The young Hegel argued that philosophy is needed to overcome fixed opposition– its role is thus revolutionary, to expedite a new synthesis when historical conditions proved one is necessary.  If he is correct, then philosophy is needed today.  The ruse of reason would ensure that somehow the arguments needed to move our world past its defining problems– neo-colonial violence, terrorist forms of resistance, unsustainable exploitation of natural resources and human labour– would be heard and heeded.

The ruse of unreason is a repetition-compulsion disorder expressed in a global incapacity to move beyond the failed forms of social, political, and economic life.  Instead of creative synthesis, every side holds fast to its one-sided truth and insists that the problem lies on the other side.  In their struggle to destroy each other they only end up undermining the values they claim to protect.  Everyone suffers except the police, who end up as the heroes of liberal democracy.

Ironic, but not funny.

Is That a Dog I Hear Barking?

No.  There is no question here of cynical disengagement from the world.  One hopes for a different outcome after each outrage, the unleashing of some kind of movement capable of creating the conditions for understanding the social conditions of peace, multicultural vitality, and individually meaningful forms of life.  But they do not appear.  Only more scripted responses (which is not a condemnation of the individuals involved as lacking intellect or creativity, but simply a recognition that there is nothing new to say, because the problems remain the same, and convincing solutions are lacking). Alternatives exist on paper, but nowhere in effective political reality.  And no one knows how to produce the missing political efficacity, so they simply repeat what they said the last time …

… and the repetition disorder sets in.  One groups defends (the drone strike, the shooting, the hostage taking); the opposed group condemns the same, and system critics outside the zones of institutional power and direct combat try to provide the nuanced analysis and historical perspective necessary to understand the structural causes of terrible events.  But– and this is another manifestation of the ruse of unreason– no sooner is one aspect of the truth disclosed by one set of system critics than another set points out the one-sidedness of the first.  Again however, no synthesis of criticism is achieved, but the potential whole disintegrates before it can form into irreconcilable camps that forget who the real enemies and what the real goals of social criticism should be.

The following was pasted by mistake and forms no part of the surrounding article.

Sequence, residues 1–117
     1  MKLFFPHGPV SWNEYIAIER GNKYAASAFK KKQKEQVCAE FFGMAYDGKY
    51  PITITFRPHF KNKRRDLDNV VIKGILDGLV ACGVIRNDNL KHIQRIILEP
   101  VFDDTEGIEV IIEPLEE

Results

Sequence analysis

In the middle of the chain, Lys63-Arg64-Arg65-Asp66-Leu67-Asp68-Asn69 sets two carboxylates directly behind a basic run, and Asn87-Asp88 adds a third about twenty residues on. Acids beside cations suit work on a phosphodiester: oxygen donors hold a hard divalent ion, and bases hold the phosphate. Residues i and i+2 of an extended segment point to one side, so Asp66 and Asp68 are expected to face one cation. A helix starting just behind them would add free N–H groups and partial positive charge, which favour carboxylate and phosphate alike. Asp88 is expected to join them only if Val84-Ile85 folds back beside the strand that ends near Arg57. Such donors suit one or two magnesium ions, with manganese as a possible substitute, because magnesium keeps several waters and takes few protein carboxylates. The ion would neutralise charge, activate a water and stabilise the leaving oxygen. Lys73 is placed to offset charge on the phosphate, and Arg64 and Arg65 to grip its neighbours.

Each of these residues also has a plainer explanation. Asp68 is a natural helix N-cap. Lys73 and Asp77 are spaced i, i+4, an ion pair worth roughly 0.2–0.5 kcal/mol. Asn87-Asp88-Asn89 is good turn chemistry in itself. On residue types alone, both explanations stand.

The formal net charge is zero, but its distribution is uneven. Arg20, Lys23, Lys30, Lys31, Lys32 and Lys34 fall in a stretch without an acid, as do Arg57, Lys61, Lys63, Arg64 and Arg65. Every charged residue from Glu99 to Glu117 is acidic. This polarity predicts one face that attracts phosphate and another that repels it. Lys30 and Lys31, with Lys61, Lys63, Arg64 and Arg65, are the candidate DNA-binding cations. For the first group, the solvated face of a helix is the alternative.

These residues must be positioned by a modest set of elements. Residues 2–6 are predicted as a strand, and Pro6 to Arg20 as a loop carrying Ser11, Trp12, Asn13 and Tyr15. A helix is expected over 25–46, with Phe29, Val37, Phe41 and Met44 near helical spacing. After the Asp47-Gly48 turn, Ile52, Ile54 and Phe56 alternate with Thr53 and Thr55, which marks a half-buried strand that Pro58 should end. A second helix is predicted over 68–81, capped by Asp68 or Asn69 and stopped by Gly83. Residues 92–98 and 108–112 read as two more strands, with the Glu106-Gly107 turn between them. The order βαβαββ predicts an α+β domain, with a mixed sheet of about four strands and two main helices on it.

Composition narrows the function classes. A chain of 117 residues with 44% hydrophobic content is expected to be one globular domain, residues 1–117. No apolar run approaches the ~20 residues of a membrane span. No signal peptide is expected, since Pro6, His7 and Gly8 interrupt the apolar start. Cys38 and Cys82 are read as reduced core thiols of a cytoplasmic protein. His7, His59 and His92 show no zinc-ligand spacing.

The end result (which is just the beginning of the next act of the same drama) is that the instituted powers recite their platitudes, link arms at the front of the march, and swear by ‘liberty’ while all the while continuing to extirpate it in the name of security.  At the same time– and here again the ruse of unreason rules– the legitimate demand from the colonised targets of this state violence that the right to life of everyone be respected is backed up by deranged assaults on chocolate and laughter.   Such self-undermining politics can only have one effect– more closely binding potential allies to hardened ideological conceptions of “Western values” that legitimate intensified authoritarianism and military violence.





Moon, January 2nd, 2015 (For Herb)

Finally, tonight there is a chill in the air.  Some coolness in January feels right.  To the east, a nearly full moon rises, back-lighting the tree across the street.  Though helpless in its winter inertia, its limbs, like worked old hands, stretch skyward, defiant, strong.  In between its gnarled fingers the landing lights of a jet appear.  It banks to begin its final approach to Detroit.  The world is silent; the party is over.  Behind the night, the unrelenting gloom of Southern Ontario winter hides.  But the moon makes the grey beautiful.